Also shown in FIG. 4 is a temperature sensor 92 which may be a thermocouple. This temperature sensor 92 may simply be connected between the resistors 39 and 42 of the voltage divider 39-45. It will thus change the reference voltage on input terminal 2 of amplifier 40 to obtain an anticipatory action. In this case, of course, the heater 80 is to be omitted.
FIG. 6 shows such an arrangement with the front end 90 of a soldering instrument being provided with the temperature sensor 92 ahead of the heater 22 in the front end 90.
FIG. 7 illustrates how the calibration of the instrument may be checked. Thus, there may be provided a fixed ring 93 surrounding an opening 94 through which the potentiometer 44 may be adjusted, as shown, for example, in one of the applicants' prior U.S. Pat. No. 3,883,716. The fixed ring 93 may be provided with temperature indications, say from 400° F. to 800° F. as shown at 95. The true temperature may be discovered by touching the soldering tip of the instrument to a separate temperature mater. This will show the true temperature of the tip and the knob or disk 96 may now be adjusted or rotated so that its arrow points to the temperature read on the meter.
It will be understood that such a calibration at one temprature point is sufficient for the entire range.
It is also feasible to provide two separate heaters, each with an individual control circuit. Such an arrangement has been shown in FIG. 8, to which reference is now made. The difference of the circuit of FIG. 8 compared to that of FIG. 4 is that here each of the two heaters 22 and 80 has a separate set of amplifiers. That is, the heater 22 is controlled again by the amplifiers 40 and 41, as previously explained. However, the heater 80 is separately controlled by another set of amplifiers 140 and 141. In general, in FIG. 8 elements for controlling the heater 80 are designated by the same reference numerals used in FIG. 2 with the addition of 100 to the previous reference numbers. By means of the lead 52 the amplifier 40 is controlled by the resistance measurement of the heater 22. However, the amplifier 140 is controlled by a lead 152 and the current-limiting resistor 153 to the input 3 of the amplifier 140. Also, the same input is made responsive to the voltage on lead 46 through a current-limiting resistor 151 connected to resistor 153. Input terminal 2 of amplifier 140 is simply tied to input terminal 2 of amplifier 40.
However, the feedback resistor 154 of amplifier 140 will usually have a different valve from feedback resistor 54 of amplifier 40, for a purpose to be presently explained. Input terminal 5 of amplifier 141 is biased by resistors 158 and 160. A feedback resistor 161 is connected between the input terminal 5 and the output terminal 7. The time constant circuit connected to input terminal 6 of amplifier 141 is obtained by capacitor 157 and the two resistors 155 and 156 which also serve as a voltage divider. The output of amplifier 141 controls triac 123 through diode 164 and current-limiting resistor 163. A resistor 168 is connected between the collector of switching transistor 36 and the input 3 of the amplifier 140 for isolation purposes; that is, to isolate the input terminals 3 of the two amplifiers 40 and 140.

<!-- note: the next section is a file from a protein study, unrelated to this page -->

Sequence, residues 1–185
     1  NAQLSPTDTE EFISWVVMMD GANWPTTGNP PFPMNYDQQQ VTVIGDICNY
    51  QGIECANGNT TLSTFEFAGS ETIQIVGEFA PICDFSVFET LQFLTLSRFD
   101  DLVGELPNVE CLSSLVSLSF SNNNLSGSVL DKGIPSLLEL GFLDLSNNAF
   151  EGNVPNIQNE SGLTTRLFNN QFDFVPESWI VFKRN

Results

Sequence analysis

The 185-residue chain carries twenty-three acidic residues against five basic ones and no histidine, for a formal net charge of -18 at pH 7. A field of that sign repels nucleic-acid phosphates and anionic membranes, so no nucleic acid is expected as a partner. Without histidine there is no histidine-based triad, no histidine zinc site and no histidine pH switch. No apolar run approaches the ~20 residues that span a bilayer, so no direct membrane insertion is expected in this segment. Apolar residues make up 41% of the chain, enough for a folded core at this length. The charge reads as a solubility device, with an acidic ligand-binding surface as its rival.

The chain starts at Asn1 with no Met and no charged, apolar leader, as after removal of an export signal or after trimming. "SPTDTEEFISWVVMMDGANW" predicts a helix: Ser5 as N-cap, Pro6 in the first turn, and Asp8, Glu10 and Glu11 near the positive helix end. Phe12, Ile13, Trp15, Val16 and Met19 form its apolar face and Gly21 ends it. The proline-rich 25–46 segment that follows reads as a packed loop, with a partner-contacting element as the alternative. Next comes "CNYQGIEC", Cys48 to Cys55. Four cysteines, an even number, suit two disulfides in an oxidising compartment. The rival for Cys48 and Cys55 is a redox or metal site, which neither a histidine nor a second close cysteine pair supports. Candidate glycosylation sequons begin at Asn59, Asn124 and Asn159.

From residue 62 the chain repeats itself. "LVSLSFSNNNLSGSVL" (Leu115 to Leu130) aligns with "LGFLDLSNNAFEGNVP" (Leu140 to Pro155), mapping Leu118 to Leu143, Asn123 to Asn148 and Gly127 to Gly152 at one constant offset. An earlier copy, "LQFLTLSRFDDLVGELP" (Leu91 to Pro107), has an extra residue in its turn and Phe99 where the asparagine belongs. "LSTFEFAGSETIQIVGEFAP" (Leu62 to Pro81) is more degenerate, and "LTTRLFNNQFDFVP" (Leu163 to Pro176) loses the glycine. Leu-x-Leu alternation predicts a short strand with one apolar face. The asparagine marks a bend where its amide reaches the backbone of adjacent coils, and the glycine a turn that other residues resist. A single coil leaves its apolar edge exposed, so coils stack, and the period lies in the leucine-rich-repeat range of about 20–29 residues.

Otherwise the circuit of FIG. 8 operates like that of FIG. 2. It should be noted, however, that the feedback resistors 54 and 155 preferably have different values. This is in order to take care of the differences in the heat transfer between the heater 80 and the heater 22 and the tip of the soldering instrument and the remainder of the instrument. Also, the heater 22 with the lower current-carrying capacity, which is preferably located near or in the soldering tip, has its resistance connected to the amplifier 40 which has a larger feedback resistor 54 compared to the feedback resistor 154 of the amplifier 140. Hence the amplifier 40 has a shorter response time.
It should be noted that the heater 22 or the heater 80 may be embedded in a ceramic. The metal which actually constitutes the heater may be screen-printed on a substrate which may, for example, consist of alumina. The whole structure is then heated and sintered at high temperature to produce a monolithic heater structure. The temperature coefficient of resistance (TCR) is approximately 4.3×10-3 ohms per ohms per degrees C. This value is true for a tungsten alloy, which is preferred because of its large temperature range and relatively large TCR. In this connection, reference is made to page 107 of the article previously referred to.
It is also feasible to provide any one of the electronic circuits of FIGS. 2, 4, and 8 with a digital readout to indicate the actual temperature of one or both of the heater elements. Such a circuit is illustrated in FIG. 9, to which reference is now made. The control circuit is basically the same as that of FIG. 2 and includes an operational amplifier 40 which, again, may be used as a summing amplifier. However, the amplifier 40 is not provided with a feedback path. The input terminal 5 of the amplifier 40 is provided with a bias voltage corresponding to the desired temperature, as previously explained. The other input 6 of the amplifier 40 is connected to a movable arm 101 of a switch 102 having two fixed terminals 103 and 104. Normally, the input terminal 6 is connected to the fixed terminal 103 of the switch. This, in turn, will impress a voltage corresponding to the temperature of the heater 22 onto the resistor 53.